Nurses May Need to Shoulder Documentation Burdens Under PDPM

Once the new Medicare payment model takes effect, frontline nurses may prove vital to securing the proper reimbursements for skilled nursing services.

The Patient-Driven Payment Model (PDPM) will place increasing pressure on nursing facilities to justify each resident’s need for Medicare-reimbursed skilled care, Zimmet Healthcare Services Group president Marc Zimmet said during a recent industry event — a task that will likely fall to a building’s nursing staff.

“The pressure in this system really falls to the nurses: a lot of the responsibilities and the pressures of maintaining strong documentation that supports skilled care,” Zimmet said at the eCap Healthcare Summit outside of Miami last month.

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Under PDPM, set to take effect October 1, therapy minutes will no longer drive Medicare reimbursements; instead, providers will be paid based on each individual’s specific needs, with generally higher payments for more complex services. The change will bring a newfound emphasis on accurately assessing a patient’s conditions, as mistakes on a resident’s initial assessment could lead to lost dollars in addition to improper care.

But while the industry has focused on a variety of specific solutions to the new PDPM reimbursement problems — including the importance of ICD-10 coding and the documentation of certain higher-reimbursing patient categories — Zimmet emphasized that simply justifying the need for institutional skilled care should take center stage.

“We don’t need those minutes. We don’t need those thresholds,” Zimmet said, referencing the incentives of the old Resource Utilization Group (RUG) system. “But what we do need are reasons for a resident, a patient, to qualify for skilled nursing on an inpatient basis. Plenty of people get therapy at home. Why does the patient require skilled care on an inpatient basis?”

The Centers for Medicare & Medicaid Services (CMS) has long pushed to ensure that seniors receive care in the lowest-cost setting that can accommodate their needs, with a host of initiatives designed to empower home health agencies to perform increasingly more complex services at beneficiaries’ homes. SNFs represent a cheaper option than hospitals, but still result in a substantially higher spend for the government than home health — and with cost reductions a stated goal of PDPM, the pressure will only increase.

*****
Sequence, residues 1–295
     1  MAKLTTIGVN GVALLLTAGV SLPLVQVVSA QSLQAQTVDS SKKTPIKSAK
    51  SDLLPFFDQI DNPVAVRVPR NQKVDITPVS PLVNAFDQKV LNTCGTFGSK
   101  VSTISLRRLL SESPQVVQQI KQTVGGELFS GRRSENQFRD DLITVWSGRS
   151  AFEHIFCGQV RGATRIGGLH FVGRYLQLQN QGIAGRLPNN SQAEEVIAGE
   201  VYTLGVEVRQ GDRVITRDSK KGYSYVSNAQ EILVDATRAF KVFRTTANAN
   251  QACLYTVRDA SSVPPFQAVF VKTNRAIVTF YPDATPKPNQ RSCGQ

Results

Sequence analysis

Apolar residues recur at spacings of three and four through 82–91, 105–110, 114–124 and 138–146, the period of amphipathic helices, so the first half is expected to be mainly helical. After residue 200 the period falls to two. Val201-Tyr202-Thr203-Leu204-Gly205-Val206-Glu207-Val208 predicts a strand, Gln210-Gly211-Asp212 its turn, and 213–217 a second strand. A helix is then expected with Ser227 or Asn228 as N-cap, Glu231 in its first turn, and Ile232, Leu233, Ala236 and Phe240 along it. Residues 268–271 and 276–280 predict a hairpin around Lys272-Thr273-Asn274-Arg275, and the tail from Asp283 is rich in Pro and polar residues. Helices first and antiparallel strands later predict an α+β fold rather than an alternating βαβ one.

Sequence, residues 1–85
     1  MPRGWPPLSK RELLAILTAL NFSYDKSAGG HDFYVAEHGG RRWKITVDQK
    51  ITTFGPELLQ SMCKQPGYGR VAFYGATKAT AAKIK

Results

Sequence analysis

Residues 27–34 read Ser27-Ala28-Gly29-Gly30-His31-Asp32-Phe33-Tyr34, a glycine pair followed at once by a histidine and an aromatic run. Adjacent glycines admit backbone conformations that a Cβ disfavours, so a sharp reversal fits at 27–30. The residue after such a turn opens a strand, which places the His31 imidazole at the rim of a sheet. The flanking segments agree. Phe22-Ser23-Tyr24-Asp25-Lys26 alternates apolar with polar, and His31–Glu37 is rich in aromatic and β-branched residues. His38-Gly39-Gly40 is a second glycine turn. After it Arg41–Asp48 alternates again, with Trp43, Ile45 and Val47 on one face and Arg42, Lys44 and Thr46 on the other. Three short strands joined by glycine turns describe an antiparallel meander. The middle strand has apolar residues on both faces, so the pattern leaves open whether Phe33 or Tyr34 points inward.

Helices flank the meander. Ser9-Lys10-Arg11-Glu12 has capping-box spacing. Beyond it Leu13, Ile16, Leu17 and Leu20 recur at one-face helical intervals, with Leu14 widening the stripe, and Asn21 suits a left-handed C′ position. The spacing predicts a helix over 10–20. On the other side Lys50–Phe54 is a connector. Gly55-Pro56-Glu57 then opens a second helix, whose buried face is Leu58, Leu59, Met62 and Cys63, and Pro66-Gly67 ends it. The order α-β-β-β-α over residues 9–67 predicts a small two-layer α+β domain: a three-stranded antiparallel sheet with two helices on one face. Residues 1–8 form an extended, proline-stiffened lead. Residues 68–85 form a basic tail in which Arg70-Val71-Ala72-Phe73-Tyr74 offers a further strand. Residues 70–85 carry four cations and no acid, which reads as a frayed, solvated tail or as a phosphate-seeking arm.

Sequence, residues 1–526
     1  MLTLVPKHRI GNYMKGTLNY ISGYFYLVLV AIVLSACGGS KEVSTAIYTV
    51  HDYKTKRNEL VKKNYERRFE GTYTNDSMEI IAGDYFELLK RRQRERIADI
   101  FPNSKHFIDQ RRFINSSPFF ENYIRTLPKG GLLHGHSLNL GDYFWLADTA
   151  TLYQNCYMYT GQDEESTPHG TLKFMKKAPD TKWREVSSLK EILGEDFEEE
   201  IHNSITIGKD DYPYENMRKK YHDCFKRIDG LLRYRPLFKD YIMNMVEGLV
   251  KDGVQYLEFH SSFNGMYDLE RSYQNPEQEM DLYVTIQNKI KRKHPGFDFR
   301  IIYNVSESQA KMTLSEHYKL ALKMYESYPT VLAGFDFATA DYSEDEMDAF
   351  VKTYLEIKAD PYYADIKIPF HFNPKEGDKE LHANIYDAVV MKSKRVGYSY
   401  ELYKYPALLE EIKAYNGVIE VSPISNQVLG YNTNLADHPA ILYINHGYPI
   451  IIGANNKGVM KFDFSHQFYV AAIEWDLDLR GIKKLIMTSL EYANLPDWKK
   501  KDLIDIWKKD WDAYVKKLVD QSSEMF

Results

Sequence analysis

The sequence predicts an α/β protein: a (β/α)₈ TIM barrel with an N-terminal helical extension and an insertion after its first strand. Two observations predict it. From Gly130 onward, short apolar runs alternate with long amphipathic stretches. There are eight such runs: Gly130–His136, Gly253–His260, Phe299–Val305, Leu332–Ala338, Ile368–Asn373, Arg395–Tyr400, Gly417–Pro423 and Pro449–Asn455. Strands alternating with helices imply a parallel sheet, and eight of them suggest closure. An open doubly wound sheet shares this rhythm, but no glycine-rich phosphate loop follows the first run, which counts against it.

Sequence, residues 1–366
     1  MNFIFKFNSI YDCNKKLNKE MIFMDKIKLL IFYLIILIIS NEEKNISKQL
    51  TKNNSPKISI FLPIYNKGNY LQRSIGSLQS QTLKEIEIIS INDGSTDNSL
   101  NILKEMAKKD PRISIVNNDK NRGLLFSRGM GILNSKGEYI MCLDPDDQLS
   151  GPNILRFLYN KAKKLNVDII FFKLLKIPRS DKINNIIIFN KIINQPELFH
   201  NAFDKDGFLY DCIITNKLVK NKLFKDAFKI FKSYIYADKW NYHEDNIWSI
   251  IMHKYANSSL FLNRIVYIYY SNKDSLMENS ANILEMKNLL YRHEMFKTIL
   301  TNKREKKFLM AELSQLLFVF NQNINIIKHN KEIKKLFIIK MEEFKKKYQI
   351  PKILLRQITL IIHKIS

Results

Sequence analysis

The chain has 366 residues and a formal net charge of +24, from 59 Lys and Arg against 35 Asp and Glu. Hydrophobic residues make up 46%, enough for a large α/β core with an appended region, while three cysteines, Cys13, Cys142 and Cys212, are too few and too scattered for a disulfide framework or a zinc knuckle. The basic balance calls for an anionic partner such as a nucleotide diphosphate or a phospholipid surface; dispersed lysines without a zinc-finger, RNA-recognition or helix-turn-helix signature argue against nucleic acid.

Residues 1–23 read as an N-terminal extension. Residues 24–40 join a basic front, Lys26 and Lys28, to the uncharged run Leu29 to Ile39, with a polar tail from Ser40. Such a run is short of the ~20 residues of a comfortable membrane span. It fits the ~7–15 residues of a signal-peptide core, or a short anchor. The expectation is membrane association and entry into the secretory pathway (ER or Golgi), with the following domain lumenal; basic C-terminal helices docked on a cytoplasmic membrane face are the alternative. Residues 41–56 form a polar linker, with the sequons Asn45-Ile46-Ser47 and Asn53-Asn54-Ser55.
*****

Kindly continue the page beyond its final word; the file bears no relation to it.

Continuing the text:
Zimmet pointed to Chapter 8 of the Medicare Benefit Policy Manual, a 56-page document that spells out the eligibility rules for inpatient nursing home care under Medicare. Before the advent of the Prospective Payment System (PPS) in the late 1990s, Zimmet said, nursing home staffs needed to be fluent in those rules to ensure proper payments, a skill that has dropped off in the years since as therapists increasingly took over reimbursement matters.

He recommended that SNF operators and owners ask their nursing leaders to produce a copy of the Benefit Policy Manual in the lead-up to the introduction of PDPM.

“If it takes them more than 30 seconds, and it’s not highlighted, and it’s not cross-checked, you’re going to have some problems,” Zimmet said.

To highlight the stakes, Zimmet shared an analysis of projected nursing home winners and losers under PDPM, which showed that about 59% of the 13,769 studied SNFs would see payment increases — against around 41%, or more than 5,600 individual buildings, with coming losses. The biggest winners, he noted, were rural swing-bed hospitals in the state of California, while the worst loser was a large for-profit in New York City that would see $5.35 million in annual Medicare losses.

But managing the transition from RUG to PDPM isn’t as simple as zeroing on one factor or billing code. Different components of the PDPM calculation have varied impacts on the overall reimbursement rates, Zimmet noted, and slight changes could have an outsized impact. For instance, he pointed to a scenario in which a therapy company’s focus on Section GG scoring brought an additional $16 in physical and occupational therapy reimbursements — while also decreasing the nursing rate by $30 per day.

He also joined the chorus of industry watchers who note that while knowledge of ICD-10 coding will help providers under PDPM, it’s not a vital cure-all.

“You’ve got to try very hard to screw up this rate,” Zimmet said. “This message is not being put out there. Coding is important, but don’t go crazy with experts. You don’t need to. Why? The money’s not here.”

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